JR Hildebrand seems like a great kid. Soft-spoken, humble, patient. There was a sick
feeling in the gut when he crashed in the final turn while leading the Indianapolis 500 last weekend.
But I felt much worse for the people on his Panther Racing team.
Founder and CEO John Barnes is what racing is all about. At any pro level. It is not an ego trip for him. It is not a side job for him. John Barnes’ race team is John Barnes’ life.
And as opposed to many others who share that designation, Barnes has found ways to become successful on a team that is more about efficiency and thought than spending money.
Barnes and Panther won three championships with Sam Hornish Jr. as their driver in the earlier era of IndyCar racing. When owners like Penske and Ganassi began drifting over to the Indy Racing League from CART, Panther did not throw up the hands and holler.
They would hire the best drivers and people they could afford, work the fringes of the sponsorship quests and keep going.
At a restaurant in Indianapolis last summer prior to the running of the Brickyard 400 NASCAR race, somebody tapped on my shoulder. It was Barnes.
It was after relatively new INDYCAR boss Randy Bernard had announced the new plan for his series. The plan which included a massive revamp of cars and equipment.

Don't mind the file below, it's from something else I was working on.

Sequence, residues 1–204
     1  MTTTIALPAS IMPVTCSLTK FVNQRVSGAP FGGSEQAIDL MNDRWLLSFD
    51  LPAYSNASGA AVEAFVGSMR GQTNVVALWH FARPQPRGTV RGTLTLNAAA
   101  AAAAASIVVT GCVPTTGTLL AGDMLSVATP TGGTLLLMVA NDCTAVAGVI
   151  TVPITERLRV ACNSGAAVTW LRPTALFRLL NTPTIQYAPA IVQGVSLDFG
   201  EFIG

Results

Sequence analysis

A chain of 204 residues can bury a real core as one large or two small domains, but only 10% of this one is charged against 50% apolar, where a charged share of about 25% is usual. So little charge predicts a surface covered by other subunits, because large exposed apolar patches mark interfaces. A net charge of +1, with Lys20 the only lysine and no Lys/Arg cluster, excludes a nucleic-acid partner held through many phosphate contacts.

Barnes said that the move would cause massive financial hardship for teams like his.
I asked if he could survive the change.
Barnes didn’t blink. “We’ll find a way,” he said.
Memo to self: The day that Barnes and wonderful long-time Panther co-owner Mike Griffin cannot find a way will be the day I won’t care if anybody can find a way.
Pat Warren’s neck will be stuck way out this weekend. As long-time official at Kansas Speedway the the track’s current president, Warren has long fought for a second Cup date for his track.
This year, he gets it in the form of Sunday’s STP 400.
With no venue selling out this year, neither, it appears, will Kansas. When/if it does not, out will come the screamers who launched when the Heartland’s only facility was awarded its second date at the expense of Southern California.
No matter how many tickets Kansas does not sell, the belief here is that two races in Kansas is a good idea. The place is a regional track, attracting fans from as far away as Colorado and the Dakotas. NASCAR needs to stay connected with those people.
The first 10 years of racing in Kansas has proved popular and all Sprint Cup events have been sellouts or near sellouts.
Because of its regional quality, the buzz it generates in the Kansas City area, the amenities the track and city offer fans, Kansas is one of five or so track which should have two dates.
The other four: Daytona, Texas, Charlotte and Michigan.
Memo to self: Accept no phone calls from other areas this weekend.
Add Eddie Cheever to the list of top television voices for racing. The former driver is articulate, knowledgable, restrained and likable.
Next year in IndyCAr, would love to see a Cheever/Paul Page broadcast team. You know, a professional operation and yes, I’m looking at you Versus.
– Jim Pedley can be reached at email@example.comOne Comment